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17 May 12 Chrome 19: The Best Web browser just keeps getting better


With Chrome 19 you can sync tabs between PCs and Android smartphones.

With Chrome 19 you can sync tabs between PCs and Android smartphones.

The Google Chrome Web browser just keeps getting better and better. The just released Chrome 19 is a perfect example of this.

Besides fixing a slew of security problems, Chrome 19’s niftiest new feature is tab syncing. Chrome has long given you the power to sync your bookmarks, apps, extensions, history, themes, and other settings. Now, you can sync your open tabs as well between computers, and if you’re lucky enough to have an Android smartphone with Ice Cream Sandwich, which supports the beta Chrome for Android, you can sync them with your phone as well.

Here’s how it works. When you’re signed in to Google, your open tabs are automatically synced across all your devices. To get to them, simply open a new tab on your browser and on the bottom left there’s an “Other devices” menu on the center-left of the bottom of the page. From it, you can see all your other Chrome sessions and their open tabs. Want to open one on tabs from say your work computer? Just click on it and you’re on way.

This is neat. This makes it easier than ever to never lose track of what you were doing in your various browsers.

It’s also just a wee-bit creepy. If you share your Google log-in with other people on other PCs, you’ll be able to see what they’re looking at on their Chrome sessions. Mind you, for security reasons you shouldn’t be doing that anyway, but it is something to keep in mind. Or, to flip it around, if you’re in the habit of leaving your work computer on and you left Chrome running while you were logged in, someone could come by your office desk and see what tabs you have open on Chrome on your home PC. In short, don’t be careless when you’re using this feature.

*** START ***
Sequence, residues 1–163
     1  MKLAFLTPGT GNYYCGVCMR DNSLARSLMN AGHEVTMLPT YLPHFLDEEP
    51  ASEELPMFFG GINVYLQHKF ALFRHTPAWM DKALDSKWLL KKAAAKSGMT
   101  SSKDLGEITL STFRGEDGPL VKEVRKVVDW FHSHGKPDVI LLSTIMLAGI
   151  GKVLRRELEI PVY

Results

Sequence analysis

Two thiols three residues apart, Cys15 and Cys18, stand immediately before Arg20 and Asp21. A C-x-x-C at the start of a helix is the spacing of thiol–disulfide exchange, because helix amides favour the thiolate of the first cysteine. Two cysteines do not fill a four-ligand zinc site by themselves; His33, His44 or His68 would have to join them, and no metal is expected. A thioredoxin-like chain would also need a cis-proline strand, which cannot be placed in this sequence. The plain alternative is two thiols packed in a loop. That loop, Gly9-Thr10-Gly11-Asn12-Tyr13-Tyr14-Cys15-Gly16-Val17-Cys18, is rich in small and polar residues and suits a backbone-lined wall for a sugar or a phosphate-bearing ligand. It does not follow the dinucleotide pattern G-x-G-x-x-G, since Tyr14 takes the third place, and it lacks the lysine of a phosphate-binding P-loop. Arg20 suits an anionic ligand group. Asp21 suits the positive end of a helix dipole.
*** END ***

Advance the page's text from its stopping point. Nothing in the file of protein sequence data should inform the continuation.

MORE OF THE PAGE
On the other hand, Chrome gives you many privacy-tweaking settings. To get to those, go to the Options menu, and from there, head to the Under the Hood tab. Once there, you can control what happens with cookies, including Flash cookies now; image displays; JavaScript; plug-ins; pop-ups, and location information. You can also turn on Chrome’s built-in Adobe Flash plug-in and PDF reader. Both of these are turned off by default.

If like me, you’re a little tired of the endless flood of Adobe security problems, you’ll welcome Chrome’s version of them. Even if they go wrong in Chrome, at least they’ll be stuck inside Chrome’s sandbox where they won’t be able to do mischief in the rest of your computer.

Some people have been having trouble with Chrome 18 on Windows 7 64-bits. Their problems seemed to show up most often when they were running lots of tabs at once with a heavy Adobe Flash use. So, I decided to see if I could duplicate their problems on my test PC.

My Web browser testing system is a Gateway DX4710 running Windows 7 SP1. This PC is powered by a 2.5-GHz Intel Core 2 Quad processor and has 6GBs of RAM and an Intel GMA (Graphics Media Accelerator) 3100 for graphics. It’s hooked to the Internet via a Netgear Gigabit Ethernet switch, which, in turn, is hooked up to a 100Mbps (Megabit per second) cable Internet connection.

On it, I opened 40 plus tabs at once multiple times in the last 24-hours. Half of them, like YouTube, included a lot of active Flash content. I couldn’t get a single lock-up or crash from it. I then left them running for six hours, thinking perhaps a memory leak problem was to blame. Again, everything went fine afterwards.

I can’t say that you won’t have problems with this new version of Chrome. All I can say is that on my Windows 7 box, and on my various Linux and Mac boxes as well, Chrome 19 never faltered no matter how heavy a load I put on it.

As for the basics, Chrome 19 remains as easy to install and use on Linux, Mac OS X, and Windows as ever. You simply download it from the site, run the program and in less than two minutes you’ll be up and running it.